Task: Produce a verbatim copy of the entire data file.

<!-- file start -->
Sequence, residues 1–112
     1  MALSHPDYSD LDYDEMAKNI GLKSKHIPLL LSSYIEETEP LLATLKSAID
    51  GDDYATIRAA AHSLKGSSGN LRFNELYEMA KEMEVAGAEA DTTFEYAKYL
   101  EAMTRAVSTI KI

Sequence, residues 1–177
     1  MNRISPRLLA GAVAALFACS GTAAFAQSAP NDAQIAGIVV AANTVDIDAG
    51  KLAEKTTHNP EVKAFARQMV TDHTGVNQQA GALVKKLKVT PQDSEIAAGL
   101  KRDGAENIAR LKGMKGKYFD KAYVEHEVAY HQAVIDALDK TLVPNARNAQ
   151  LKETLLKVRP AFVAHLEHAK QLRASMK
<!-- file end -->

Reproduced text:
Sequence, residues 1–112
     1  MALSHPDYSD LDYDEMAKNI GLKSKHIPLL LSSYIEETEP LLATLKSAID
    51  GDDYATIRAA AHSLKGSSGN LRFNELYEMA KEMEVAGAEA DTTFEYAKYL
   101  EAMTRAVSTI KI

Sequence, residues 1–177
     1  MNRISPRLLA GAVAALFACS GTAAFAQSAP NDAQIAGIVV AANTVDIDAG
    51  KLAEKTTHNP EVKAFARQMV TDHTGVNQQA GALVKKLKVT PQDSEIAAGL
   101  KRDGAENIAR LKGMKGKYFD KAYVEHEVAY HQAVIDALDK TLVPNARNAQ
   151  LKETLLKVRP AFVAHLEHAK QLRASMK